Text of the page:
China has quietly unblocked IMDb (Internet Movie Database), a popular Web site carrying information about movies, more than three years after the site was banned by the government.
The move triggered both cheer and confusion among online users in the country, with many believing this would herald more changes in China's "Great Firewall", the South China Morning Post (SCMP) reported Thursday. The Chinese government blocks access to various sites such as Facebook, Twitter, and YouTube, among others. Last year, it blocked the Web site of the New York Times, after the newspaper reported on Chinese Premier Wen Jiabao's US$2.7 billion family wealth, the report said.
Both English and Chinese language versions of IMDb were blocked by China in January 2010. No official explanation was given at the time, although many said it was due to information deemed politically sensitive to local authorities. Its homepage had featured a preview of "When the dragon swallowed the sun", a documentary about the Free Tibet movement led by the Dalai Lama, the SCMP report said.
Amid the online debate, some netizens pointed to the timing of the move. The report noted that the National People's Congress (NPC) and People's Political Consultative Conference (CPPCC) are currently holding their annual legislative meetings in Beijing.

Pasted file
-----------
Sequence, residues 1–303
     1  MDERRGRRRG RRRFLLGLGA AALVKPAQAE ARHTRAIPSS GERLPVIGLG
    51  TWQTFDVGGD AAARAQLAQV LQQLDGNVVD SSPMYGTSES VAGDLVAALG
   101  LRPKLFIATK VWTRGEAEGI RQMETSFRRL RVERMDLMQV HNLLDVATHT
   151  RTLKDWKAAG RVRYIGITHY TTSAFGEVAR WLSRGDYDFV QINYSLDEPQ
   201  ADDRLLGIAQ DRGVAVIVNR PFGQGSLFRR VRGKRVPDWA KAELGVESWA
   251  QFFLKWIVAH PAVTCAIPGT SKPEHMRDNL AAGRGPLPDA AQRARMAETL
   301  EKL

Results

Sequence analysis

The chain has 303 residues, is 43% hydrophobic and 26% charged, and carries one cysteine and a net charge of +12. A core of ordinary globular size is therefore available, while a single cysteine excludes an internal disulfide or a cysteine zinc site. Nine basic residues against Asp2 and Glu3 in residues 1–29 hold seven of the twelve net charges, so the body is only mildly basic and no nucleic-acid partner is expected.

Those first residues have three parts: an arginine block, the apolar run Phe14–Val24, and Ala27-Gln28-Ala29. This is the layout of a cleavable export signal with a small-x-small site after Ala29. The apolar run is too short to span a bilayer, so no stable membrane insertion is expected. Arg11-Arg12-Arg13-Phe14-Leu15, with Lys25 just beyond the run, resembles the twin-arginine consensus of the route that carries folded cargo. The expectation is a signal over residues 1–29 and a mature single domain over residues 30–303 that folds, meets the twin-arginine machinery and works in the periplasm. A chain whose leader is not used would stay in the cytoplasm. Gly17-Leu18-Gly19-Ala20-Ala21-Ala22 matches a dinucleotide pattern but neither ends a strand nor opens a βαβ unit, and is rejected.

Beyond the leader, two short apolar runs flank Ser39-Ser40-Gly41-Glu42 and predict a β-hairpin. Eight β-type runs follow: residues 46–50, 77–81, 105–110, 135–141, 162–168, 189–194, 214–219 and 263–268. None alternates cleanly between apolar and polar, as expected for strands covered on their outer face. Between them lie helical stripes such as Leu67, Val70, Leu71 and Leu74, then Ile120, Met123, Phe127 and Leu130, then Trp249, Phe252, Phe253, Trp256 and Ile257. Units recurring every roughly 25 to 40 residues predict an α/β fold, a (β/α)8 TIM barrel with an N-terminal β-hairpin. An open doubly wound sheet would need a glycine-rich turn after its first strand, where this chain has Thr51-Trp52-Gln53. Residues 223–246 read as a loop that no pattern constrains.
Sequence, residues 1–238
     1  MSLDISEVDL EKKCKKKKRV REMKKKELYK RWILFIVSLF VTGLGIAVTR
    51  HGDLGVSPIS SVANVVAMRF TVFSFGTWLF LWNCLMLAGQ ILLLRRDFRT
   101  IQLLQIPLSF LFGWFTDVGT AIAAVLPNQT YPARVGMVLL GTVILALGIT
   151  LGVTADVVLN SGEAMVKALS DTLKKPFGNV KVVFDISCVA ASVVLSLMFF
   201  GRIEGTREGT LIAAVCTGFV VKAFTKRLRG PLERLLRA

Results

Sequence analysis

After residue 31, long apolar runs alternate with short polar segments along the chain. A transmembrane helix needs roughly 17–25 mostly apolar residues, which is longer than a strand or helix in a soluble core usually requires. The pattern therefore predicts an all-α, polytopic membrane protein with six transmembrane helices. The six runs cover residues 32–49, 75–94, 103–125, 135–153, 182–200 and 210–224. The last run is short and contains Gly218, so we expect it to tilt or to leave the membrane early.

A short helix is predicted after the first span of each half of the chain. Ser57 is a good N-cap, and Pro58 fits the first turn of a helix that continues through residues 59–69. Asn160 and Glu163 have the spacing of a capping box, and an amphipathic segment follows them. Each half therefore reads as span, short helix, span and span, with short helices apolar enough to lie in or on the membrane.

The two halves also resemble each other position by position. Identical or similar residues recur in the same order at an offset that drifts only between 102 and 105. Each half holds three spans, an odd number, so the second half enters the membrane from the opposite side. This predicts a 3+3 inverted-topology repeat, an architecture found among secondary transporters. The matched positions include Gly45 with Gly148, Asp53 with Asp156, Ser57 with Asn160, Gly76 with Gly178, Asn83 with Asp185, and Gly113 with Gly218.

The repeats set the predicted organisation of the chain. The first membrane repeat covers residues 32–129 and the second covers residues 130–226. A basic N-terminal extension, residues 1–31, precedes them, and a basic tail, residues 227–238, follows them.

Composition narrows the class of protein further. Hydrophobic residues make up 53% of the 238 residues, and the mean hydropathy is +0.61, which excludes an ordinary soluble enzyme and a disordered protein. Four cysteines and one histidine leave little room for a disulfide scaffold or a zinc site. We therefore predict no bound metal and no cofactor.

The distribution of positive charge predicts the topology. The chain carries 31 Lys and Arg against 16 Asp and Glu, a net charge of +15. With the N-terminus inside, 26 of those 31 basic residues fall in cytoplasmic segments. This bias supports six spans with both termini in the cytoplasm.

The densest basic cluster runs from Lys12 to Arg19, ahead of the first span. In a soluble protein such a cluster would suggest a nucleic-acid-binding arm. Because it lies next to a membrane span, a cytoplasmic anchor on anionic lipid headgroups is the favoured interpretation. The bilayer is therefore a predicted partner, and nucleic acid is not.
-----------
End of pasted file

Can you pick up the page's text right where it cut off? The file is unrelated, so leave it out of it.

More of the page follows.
The report cited several online users. "Thank you, China's new leaders, this is wonderful," a user said on Sina Weibo, the local equivalent of Twitter. A blogger asked: "What's next? Facebook or Twitter?" However, another blogger said: "Don't have any expectations for the censors. Unblocking a movie site means nothing."
A separate report by AFP said the Chinese authorities had displayed mixed signals regarding media censorship in recent months. Last month, the state's media regulator, State Administration of Radio, Film, and Television (SARFT), said it would expand pre-broadcast censorship to cover television documentaries. However, the U.S. movie, "V for Vendetta"--about an anarchist uprising against a totalitarian government in Britain--was aired on state television shortly before Christmas, the report said.